Search Results: "Drug development"

Species Entry

Marmoset

The common marmoset is important in studies for safety, reproductive biology, neuroscience, and drug development. Its small size and many similarities with humans, as well as its  differences, make the common marmoset a valued model. In one area of research, multiple sclerosis (MS), an inflammatory disease of the brain caused…

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Animals in Research

Noel the mouse

Mice are one of the most common animals needed for research.  Most mice do not usually get individual names...but sometimes a technician will develop a special bond with one of their mice, like the technician who named Noel.  Noel is a Swiss Webster mouse. Swiss Webster mice are often needed…

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Animals in Research

Beagle Playing with Kong

Beagles have been important for many medical advancements, from understanding body systems and disease processes to the development of new medicines and treatments for both people and animals. Researchers, veterinarians and animal caregivers work together to provide for the needs of these amazing animals. Toys are provided and rotated regularly…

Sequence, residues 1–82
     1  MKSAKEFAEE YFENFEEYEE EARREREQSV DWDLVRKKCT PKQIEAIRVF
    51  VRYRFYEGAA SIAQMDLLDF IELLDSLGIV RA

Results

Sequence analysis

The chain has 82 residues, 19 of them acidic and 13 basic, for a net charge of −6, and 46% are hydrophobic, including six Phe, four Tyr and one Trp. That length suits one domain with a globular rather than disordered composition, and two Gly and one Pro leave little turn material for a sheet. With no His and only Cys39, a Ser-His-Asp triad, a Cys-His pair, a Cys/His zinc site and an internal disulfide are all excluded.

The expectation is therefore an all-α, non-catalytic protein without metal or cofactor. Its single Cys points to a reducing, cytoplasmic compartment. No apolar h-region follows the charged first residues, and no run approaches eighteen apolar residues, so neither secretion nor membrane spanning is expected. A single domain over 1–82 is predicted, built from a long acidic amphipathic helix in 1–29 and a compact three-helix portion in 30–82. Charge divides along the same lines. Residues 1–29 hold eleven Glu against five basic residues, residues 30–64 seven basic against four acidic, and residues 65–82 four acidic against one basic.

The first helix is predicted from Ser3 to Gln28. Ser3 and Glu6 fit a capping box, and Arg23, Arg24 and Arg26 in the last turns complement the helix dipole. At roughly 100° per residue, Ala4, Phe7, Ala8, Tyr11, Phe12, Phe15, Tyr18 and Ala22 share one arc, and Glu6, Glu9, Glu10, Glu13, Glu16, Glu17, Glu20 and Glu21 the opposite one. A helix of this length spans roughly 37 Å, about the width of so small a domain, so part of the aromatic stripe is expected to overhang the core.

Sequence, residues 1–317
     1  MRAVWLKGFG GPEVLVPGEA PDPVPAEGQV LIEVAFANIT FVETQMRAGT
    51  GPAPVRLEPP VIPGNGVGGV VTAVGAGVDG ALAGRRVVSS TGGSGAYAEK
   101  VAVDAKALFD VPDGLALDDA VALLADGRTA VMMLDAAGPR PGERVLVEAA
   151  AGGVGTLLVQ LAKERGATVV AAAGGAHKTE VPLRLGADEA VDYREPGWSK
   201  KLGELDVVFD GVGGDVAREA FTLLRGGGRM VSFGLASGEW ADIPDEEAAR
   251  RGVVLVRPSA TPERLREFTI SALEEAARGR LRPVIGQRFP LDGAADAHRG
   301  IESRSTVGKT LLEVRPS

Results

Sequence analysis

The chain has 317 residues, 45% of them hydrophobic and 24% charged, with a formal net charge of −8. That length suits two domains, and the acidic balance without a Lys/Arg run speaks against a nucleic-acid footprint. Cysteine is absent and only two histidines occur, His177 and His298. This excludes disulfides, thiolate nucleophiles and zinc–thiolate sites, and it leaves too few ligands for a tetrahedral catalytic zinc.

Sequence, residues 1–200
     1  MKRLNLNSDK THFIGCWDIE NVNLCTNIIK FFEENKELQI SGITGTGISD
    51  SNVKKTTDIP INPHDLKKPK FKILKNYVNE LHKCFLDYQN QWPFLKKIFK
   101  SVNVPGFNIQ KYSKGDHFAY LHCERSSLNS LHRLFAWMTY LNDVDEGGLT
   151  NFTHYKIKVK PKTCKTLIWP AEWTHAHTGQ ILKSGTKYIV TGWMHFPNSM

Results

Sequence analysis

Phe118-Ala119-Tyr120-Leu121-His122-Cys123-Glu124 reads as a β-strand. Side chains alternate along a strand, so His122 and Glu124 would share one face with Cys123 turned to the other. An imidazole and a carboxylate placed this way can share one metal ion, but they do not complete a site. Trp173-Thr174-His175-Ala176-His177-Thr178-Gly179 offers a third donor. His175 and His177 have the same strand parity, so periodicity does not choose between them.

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Species Entry

Sheep

Sheep have a similar physiology to humans, can get many of the same diseases, have a short gestation period, and their young are born at a similar weight to human babies. These characteristics are valuable in research studies related to respiratory diseases and fetal development. Sheep have contributed to many medical…

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Animals in Research

Baby rhesus getting mini marshmallow treat

Environmental enrichment is an important part of caring for research animals. Research animals are provided with several types of enrichment to stimulate species-typical behaviors. These juvenile rhesus macaques are enjoying mini marshmallow treats. Interactions with their caregiver give them social and intellectual stimulation, while strengthening their bonds with each other.…

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Animals in Research

Mom and baby rhesus on hammock

A rhesus macaque mom climbs into a hammock with her infant at the Wisconsin National Primate Research Center. Females reach puberty at around age three, while males are sexually mature by age four. Gestation is five and a half months, with one infant born at a time and often a year or…

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